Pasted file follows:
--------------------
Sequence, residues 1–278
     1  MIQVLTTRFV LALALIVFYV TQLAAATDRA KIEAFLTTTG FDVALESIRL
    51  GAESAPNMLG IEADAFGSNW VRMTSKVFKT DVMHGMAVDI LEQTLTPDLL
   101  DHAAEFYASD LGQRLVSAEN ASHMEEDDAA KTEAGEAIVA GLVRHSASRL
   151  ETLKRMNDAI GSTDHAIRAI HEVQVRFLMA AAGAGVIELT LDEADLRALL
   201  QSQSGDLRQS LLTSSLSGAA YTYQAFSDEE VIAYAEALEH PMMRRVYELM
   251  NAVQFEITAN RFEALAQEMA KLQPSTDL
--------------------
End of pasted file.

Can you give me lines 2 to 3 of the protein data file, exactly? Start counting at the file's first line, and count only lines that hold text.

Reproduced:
     1  MIQVLTTRFV LALALIVFYV TQLAAATDRA KIEAFLTTTG FDVALESIRL
    51  GAESAPNMLG IEADAFGSNW VRMTSKVFKT DVMHGMAVDI LEQTLTPDLL